The Renters’ Reform Bill, Explained

With the election done and dusted, focus will inevitably turn to policy and, of course, Brexit. More than enough has been said about Brexit, but what of policy – especially in relation to the lettings industry? The buy-to-let sector features heavily on the policy side of things and made its way into the briefing notes of the Queen’s Speech.

The Renters’ Reform Bill bill proposes sweeping changes that intend to provide both landlords and tenants with more security. There’s isn’t a definitive date for when the legislation will come into effect. But it’s likely to be at some point in 2020. 

We’ve taken a look at the reform to provide you with a better idea of what the changes mean and how they will apply to landlords and tenants. Read on, and get the lowdown on everything you need to know about the Renters’ Reform Bill. 

What  is the Renters’ Reform Bill?

The Renters’ Reform Bill is a piece of government legislation that details key changes to the UK lettings industry for landlords and tenants. It was announced in the Queen’s Speech, though no date has been given for the second reading and no concrete timeline for when they come into effect. A three-month consultation, which concluded in October 2019,  informed the changes on tenancy reform.

What are the primary changes? 

The end of no-fault evictions 

The government says it’s ending no-fault evictions by abolishing Section 21 of the Housing Act 1988. Once an Assured Tenancy Shorthold (AST) expires, it goes on to a periodic tenancy. This means landlords need to give tenants two months’ notice if they wish for them to vacate the property. Currently, they don’t have to provide a reason for ending the tenancy.  

Under the new rules, landlords won’t be able to evict tenants without a valid reason for ending a tenancy. However, it is yet unclear as to what constitutes a “valid reason”. Charities such as Shelter have long called for more security for tenants, especially as the number of private tenancies in England looks set to grow beyond 11 million.

Quicker “fair” evictions

While the inclusion of no-fault evictions means landlords can’t end tenancies at will, the government is keen to make it easier for the  owner to reclaim the property if a tenant is in breach of the contract and refuses to move.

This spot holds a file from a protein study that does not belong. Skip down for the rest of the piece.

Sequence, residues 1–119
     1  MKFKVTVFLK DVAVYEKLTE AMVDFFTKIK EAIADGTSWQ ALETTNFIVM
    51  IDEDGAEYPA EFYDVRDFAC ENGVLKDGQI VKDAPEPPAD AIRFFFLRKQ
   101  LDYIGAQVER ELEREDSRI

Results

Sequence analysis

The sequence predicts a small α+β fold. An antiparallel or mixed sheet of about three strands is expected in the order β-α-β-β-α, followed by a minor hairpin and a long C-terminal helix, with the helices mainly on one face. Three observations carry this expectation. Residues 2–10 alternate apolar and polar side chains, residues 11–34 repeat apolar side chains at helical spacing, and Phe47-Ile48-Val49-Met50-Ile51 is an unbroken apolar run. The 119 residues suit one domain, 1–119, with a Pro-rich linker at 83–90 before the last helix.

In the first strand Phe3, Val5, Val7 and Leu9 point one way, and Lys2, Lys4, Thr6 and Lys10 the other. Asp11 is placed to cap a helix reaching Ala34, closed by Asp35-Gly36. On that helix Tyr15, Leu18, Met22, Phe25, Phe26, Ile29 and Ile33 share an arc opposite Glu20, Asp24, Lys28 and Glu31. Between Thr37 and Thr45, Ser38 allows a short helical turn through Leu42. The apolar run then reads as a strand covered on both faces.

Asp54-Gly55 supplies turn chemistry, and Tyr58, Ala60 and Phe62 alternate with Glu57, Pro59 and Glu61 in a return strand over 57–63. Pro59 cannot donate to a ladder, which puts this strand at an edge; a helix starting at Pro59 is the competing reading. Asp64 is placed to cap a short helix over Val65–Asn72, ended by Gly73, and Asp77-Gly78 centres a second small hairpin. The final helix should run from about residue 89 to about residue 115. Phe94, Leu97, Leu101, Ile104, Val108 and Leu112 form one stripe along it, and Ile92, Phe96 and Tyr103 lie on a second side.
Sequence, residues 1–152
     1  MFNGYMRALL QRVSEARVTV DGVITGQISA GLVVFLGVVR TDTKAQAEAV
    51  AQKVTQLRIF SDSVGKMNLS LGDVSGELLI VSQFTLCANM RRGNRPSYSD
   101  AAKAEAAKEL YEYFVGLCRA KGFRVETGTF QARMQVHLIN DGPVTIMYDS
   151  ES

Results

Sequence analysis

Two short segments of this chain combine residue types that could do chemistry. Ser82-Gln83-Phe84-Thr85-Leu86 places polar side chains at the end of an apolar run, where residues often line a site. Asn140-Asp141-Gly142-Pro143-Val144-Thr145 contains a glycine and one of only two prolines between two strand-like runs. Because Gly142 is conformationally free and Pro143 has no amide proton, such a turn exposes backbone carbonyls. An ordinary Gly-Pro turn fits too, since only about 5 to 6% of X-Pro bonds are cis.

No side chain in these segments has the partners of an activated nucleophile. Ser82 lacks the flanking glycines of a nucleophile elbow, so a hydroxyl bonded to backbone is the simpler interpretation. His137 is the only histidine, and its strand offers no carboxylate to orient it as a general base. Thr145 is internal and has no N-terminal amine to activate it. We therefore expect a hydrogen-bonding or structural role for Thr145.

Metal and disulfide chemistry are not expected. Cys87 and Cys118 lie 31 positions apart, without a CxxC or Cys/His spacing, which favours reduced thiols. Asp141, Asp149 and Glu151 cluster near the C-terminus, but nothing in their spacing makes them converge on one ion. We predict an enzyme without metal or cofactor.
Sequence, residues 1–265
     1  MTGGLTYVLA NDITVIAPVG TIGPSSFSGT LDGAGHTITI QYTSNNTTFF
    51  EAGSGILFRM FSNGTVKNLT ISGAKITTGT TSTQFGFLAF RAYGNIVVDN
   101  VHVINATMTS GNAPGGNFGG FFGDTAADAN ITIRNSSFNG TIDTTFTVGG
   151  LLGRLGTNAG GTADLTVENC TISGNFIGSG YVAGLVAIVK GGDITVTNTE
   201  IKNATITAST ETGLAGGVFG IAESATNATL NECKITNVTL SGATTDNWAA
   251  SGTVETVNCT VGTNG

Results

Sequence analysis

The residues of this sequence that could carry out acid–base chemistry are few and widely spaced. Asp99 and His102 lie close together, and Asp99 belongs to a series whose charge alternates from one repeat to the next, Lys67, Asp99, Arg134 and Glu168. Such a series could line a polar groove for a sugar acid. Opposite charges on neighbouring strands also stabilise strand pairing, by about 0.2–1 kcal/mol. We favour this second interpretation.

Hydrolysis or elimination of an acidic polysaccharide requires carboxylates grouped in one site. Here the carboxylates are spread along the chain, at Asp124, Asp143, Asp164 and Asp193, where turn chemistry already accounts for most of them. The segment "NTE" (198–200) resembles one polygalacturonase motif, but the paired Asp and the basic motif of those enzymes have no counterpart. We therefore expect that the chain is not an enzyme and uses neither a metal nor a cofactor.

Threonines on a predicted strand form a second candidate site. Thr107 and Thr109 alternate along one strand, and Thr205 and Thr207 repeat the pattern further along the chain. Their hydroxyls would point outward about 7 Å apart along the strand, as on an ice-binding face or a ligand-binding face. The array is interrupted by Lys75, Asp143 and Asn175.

It doesn’t detail how it will do this, but processes in the courts will be improved and provide landlords with more rights for their property. This should allow the landlord to regain possession of their property much faster than the current process allows. 

Lifetime deposits

One of the biggest bugbears for tenants surrounds deposits. The need to pay up to five week’s worth of rent can be a financial strain, especially if you’re moving to a new property but your previous deposit hasn’t been released. 

Lifetime deposits aim to create an automatic transfer of the current deposit to the new property, meaning tenants will only need to pay once. The idea of only paying for a deposit and having it transferred when they move is welcome news. Yet many still prefer deposit replacement schemes, which involve only paying one week’s worth of rent while offering landlords the exact same rights as a traditional deposit.

More transparency over rogue landlords

Tenants will have easier access to find rogue landlords and access agent databases, meaning they can make better-informed decisions about their next rental property. Much in the same way landlords will have  more power to evict negligent tenants, renters should also have access to landlords who have a toxic reputation for not providing a fair service to tenants. 

The future of letting

The government says these changes are necessary for landlords and tenants, with better security acting as the primary driver. Greater protection over being unfairly evicted for renters and more power to regain possession of a property from bad tenants for landlords, should help to create a more stable rental environment for all. The overall result will hopefully be an even more improved lettings landscape in England. 

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